Tackling inactivity: new Sport England strategy
Published: 23rd May 2016
The Ramblers welcome Sport England’s new five-year strategy, which brings a much-needed shift in focus from investment in conventional sports to a greater emphasis on physical activity and specifically, helping inactive people to become active.
We also welcome the announcement that Sport England will make more funding available for programmes that support people walking for leisure. This recognises what we already know: that walking is the closest thing to perfect physical activity, a free, easy, effective and - with 9.1 million adults in England walking recreationally for at least 30 minutes once a month – an incredibly popular accessible way of getting people active and healthy. Towards an active nation sees Sport England investing £250m – 25% of its resources – into targeting the most inactive people. This includes strong action to:
- Tackle physical inactivity, backed by a dedicated budget of £120m over the next four years. This is good news for the 400 Walking for Health schemes that support inactive people and people with long term conditions, and help them to develop a physical activity habit with regular walks. The Ramblers and Macmillan have hosted the national Walking for Health programme since 2012. Every week, local Walking for Health schemes run over 1,800 free, friendly, short group walks that reach approximately 20,200 individuals.
- Support sports facilities, including a new Community Asset Fund offering grants of up to £150,000 to support and improve existing local infrastructure. Sport England recognise here that this isn’t just about venues, but also outdoor environments: in many areas one of these grants would go a long way towards enhancing, improving and protecting the paths, parks and other green spaces that millions of people rely upon for their regular dose of walking.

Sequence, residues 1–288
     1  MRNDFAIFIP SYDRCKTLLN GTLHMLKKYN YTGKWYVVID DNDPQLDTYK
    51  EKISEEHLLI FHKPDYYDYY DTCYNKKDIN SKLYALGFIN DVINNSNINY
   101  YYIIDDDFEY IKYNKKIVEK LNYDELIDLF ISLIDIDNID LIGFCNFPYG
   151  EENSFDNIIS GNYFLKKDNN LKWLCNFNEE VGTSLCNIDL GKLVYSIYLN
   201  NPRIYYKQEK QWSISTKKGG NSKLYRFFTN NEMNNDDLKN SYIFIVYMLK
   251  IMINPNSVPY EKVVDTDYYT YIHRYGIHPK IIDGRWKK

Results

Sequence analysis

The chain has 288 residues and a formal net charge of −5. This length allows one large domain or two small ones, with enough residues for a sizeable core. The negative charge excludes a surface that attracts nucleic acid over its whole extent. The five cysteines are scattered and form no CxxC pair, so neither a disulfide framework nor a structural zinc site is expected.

- Encourage volunteering, with a £30m new strategy to understand the motivations and barriers to people volunteering, and increase the number of volunteers in grassroots sport. Without our fantastic 25,000 volunteers the Ramblers would be unable to operate, and from leading group walks to clearing overgrown paths these volunteers require training and other forms of support which involve a significant financial cost. We know too there is potential to further increase our impact here, so action to identify and address the barriers here is very welcome.
- Measure behaviour and impact, replacing the current Active People Survey with an Active Lives survey which refocuses evaluation from purely participation levels to the benefits people get from becoming more active, including improved physical and mental health, individual development and social and community development.